CALGARY - Canada's Natural Resources Minister Joe Oliver says he expects legislation to be introduced this year as a way of streamlining the regulatory process and preventing excessive delays on major energy projects.

Oliver made his comments in a speech Wednesday afternoon to the Calgary Chamber of Commerce as lengthy public hearings continue on the Northern Gateway pipeline from Alberta to northwestern British Columbia.

Enbridge (TSX:ENB) wants to build a 1,170-kilometre twin pipeline that would carry oilsands bitumen from Alberta to Kitimat, B.C., where huge tanker ships would transport it to Asia.

Public hearings into the proposed $5.5-billion pipeline got underway in Alberta this past week. More than 4,000 individuals have signed up to speak about the project in hearings across Alberta and B.C. over the next 18 months.

"One wild card remains — an unpredictable, often increasingly lengthy and needlessly complex regulatory process. Bad processes do not produce good environmental outcomes," Oliver said in his half-hour speech.

"There is risk of abuse. The prime minister used the term hijacked by those who oppose the development of hydrocarbons on purely ideological grounds," he added.

Oliver told reporters that he wants changes made in a timely fashion and it will require legislation.

Oliver said he intends to have the changes in place before the Northern Gateway process is finished. He said there are reviews going on all the time and if the government waited until all were completed, none would ever get done.

The minister said the important thing is to have a set timeline on how long the review process can take.

"We need to make sure that the regulatory process occurs within a defined and limited timeframe so they don't go on forever. Mackenzie Valley pipeline project took nine years to be approved. This is excessive, so that's one of the issues we're going to be looking at."

At an earlier event in Calgary, Oliver made it clear that the government would not intervene in the Northern Gateway process, but was optimistic that aboriginal leaders would eventually come to support the pipeline.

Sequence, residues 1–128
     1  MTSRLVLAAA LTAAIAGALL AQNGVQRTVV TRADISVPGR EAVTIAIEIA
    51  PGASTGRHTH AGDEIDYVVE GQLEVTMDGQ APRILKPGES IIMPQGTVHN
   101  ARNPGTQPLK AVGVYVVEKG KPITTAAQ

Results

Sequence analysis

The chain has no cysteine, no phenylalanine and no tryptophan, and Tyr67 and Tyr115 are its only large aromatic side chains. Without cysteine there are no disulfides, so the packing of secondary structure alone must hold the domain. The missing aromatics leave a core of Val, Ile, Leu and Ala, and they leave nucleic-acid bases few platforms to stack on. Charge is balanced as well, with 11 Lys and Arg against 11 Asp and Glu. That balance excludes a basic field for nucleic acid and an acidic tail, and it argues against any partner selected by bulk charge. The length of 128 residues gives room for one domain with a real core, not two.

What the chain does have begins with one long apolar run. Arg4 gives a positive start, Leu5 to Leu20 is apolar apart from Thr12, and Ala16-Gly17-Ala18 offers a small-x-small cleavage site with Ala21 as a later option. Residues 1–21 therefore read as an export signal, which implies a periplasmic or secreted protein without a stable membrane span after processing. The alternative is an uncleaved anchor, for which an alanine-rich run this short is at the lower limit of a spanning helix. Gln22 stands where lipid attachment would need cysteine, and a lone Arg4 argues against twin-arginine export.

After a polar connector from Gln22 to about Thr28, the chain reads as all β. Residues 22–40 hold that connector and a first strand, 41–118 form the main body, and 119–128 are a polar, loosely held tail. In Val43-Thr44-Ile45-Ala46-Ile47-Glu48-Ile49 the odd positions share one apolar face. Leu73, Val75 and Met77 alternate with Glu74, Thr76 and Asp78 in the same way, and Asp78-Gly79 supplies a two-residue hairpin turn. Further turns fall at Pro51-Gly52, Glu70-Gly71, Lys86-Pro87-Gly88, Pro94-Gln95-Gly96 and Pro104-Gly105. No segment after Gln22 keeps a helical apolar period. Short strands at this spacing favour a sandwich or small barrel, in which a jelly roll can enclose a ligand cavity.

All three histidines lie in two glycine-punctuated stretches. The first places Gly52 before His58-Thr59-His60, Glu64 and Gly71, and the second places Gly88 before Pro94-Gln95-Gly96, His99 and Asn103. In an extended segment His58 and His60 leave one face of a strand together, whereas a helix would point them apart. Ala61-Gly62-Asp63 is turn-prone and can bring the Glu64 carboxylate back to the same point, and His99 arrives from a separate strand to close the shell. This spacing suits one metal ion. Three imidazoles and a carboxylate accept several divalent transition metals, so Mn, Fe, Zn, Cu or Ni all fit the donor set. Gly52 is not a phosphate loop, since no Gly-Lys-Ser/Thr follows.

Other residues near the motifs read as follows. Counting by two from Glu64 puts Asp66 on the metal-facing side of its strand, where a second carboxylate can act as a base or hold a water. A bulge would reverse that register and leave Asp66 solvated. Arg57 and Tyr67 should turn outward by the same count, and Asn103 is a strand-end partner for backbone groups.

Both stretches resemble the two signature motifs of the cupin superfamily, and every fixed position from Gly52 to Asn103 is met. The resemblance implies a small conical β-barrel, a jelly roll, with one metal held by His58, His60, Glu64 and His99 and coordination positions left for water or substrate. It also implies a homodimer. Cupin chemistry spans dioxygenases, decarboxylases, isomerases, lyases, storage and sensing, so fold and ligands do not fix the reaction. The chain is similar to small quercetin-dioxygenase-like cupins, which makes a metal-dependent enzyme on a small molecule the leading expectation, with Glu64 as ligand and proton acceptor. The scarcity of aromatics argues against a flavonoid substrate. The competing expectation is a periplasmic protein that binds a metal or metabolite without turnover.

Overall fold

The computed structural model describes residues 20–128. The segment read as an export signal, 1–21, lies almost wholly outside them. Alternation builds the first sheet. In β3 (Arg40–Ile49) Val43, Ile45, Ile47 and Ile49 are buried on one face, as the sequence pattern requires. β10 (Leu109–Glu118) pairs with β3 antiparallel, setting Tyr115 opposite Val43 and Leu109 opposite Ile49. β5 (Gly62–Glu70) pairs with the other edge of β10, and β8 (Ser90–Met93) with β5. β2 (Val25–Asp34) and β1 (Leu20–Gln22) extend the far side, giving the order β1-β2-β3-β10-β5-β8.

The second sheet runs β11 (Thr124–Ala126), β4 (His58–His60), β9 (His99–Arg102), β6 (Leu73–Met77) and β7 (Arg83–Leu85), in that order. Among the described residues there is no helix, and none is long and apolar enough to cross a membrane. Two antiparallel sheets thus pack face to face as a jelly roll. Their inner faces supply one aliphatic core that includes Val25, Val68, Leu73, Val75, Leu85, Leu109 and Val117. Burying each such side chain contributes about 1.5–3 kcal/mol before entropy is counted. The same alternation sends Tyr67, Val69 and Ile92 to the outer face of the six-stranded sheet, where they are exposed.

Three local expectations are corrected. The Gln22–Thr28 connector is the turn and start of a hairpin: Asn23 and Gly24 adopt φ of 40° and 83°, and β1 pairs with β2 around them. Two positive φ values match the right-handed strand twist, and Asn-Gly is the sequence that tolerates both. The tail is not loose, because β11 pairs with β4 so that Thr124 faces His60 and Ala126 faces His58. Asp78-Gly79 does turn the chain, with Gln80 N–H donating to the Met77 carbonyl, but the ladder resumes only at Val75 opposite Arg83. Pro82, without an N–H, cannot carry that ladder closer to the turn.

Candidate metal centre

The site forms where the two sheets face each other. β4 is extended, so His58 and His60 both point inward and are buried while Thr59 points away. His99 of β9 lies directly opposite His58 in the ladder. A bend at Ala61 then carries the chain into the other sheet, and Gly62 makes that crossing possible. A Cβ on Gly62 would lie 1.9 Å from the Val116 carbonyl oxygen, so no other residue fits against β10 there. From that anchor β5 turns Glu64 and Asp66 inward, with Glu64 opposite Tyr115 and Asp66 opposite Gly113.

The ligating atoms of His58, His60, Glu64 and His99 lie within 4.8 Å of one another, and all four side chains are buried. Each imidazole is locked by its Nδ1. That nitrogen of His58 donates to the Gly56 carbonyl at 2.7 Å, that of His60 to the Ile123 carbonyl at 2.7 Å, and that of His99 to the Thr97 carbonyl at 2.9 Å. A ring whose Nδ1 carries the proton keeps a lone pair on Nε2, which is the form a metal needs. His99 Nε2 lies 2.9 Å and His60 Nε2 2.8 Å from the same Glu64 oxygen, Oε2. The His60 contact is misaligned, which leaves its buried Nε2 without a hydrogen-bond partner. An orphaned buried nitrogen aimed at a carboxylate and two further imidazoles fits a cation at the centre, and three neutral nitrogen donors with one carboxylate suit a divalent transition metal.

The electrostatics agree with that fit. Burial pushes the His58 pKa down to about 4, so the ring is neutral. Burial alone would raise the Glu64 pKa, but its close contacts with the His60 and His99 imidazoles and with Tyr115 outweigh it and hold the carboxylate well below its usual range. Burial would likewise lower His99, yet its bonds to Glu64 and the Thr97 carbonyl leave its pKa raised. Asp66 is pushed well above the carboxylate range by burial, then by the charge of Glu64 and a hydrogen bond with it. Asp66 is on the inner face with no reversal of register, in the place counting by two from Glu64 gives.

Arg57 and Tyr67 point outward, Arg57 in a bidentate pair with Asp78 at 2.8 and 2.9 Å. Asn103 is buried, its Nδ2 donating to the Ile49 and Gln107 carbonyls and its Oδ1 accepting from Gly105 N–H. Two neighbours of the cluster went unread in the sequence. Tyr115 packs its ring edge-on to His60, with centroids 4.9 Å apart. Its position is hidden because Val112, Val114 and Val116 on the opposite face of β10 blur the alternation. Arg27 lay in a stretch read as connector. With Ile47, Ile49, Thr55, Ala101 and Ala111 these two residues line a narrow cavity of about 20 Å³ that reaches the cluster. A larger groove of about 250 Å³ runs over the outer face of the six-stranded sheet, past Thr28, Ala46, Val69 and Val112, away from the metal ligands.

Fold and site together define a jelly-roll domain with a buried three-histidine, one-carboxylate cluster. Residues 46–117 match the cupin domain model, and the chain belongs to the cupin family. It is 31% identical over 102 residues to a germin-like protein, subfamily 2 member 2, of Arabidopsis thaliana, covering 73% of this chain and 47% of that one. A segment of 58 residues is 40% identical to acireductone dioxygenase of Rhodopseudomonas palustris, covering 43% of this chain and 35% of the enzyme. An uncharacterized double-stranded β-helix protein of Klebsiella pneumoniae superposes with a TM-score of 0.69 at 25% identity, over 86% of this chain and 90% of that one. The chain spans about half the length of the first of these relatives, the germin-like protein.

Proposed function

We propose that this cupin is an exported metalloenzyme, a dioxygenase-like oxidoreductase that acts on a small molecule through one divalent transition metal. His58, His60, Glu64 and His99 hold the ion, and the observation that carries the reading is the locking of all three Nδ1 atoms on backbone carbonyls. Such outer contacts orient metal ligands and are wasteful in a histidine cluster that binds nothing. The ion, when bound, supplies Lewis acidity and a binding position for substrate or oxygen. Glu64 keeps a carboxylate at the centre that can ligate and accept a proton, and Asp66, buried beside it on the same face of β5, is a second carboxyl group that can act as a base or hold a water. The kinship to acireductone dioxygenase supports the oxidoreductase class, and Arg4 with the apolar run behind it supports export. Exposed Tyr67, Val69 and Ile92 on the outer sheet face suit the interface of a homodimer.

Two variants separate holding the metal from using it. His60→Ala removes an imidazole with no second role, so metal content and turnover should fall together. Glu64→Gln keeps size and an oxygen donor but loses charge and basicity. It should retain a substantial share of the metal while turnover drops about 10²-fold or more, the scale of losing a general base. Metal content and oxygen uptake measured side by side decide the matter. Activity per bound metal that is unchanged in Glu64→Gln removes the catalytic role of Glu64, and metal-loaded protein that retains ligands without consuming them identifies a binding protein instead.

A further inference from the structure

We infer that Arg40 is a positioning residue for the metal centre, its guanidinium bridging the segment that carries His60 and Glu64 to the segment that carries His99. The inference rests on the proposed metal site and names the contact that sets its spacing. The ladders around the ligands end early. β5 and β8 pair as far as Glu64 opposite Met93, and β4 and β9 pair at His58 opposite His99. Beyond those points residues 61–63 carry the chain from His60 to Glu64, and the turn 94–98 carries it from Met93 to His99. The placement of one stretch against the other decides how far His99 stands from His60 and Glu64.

Oliver said he had the opportunity to discuss the project with aboriginal leaders at the First Nations summit in Ottawa, including a number of chiefs from British Columbia.

"It's always been my hope and continues to be that this pipeline would address issues that will create economic activity that will be beneficial," said Oliver.

"We believe the aboriginal communities and First Nations can benefit in a transformative way from some of these developments. There's money on the table, there's equity participation and there's jobs, so it's our hope to continue to have a dialogue with the First Nations and see whether we together can achieve our objectives.

"We have a moral and constitutional obligation to consult and accommodate and we of course will do that."

Oliver said the government believes the oilsands will generate $3.3 trillion in economic activity over the next 25 years and hundreds of billions of dollars that governments can use to support social programs such as housing, education and pensions.

Environmental, aboriginal and social action groups say the risks of a pipeline rupture or oil tanker spill are too great. Not only would the pipeline cross mountain ranges, rivers and streams, it would fill more than 200 tankers a year that would have to navigate the treacherous waters of the Douglas Channel before reaching open sea.

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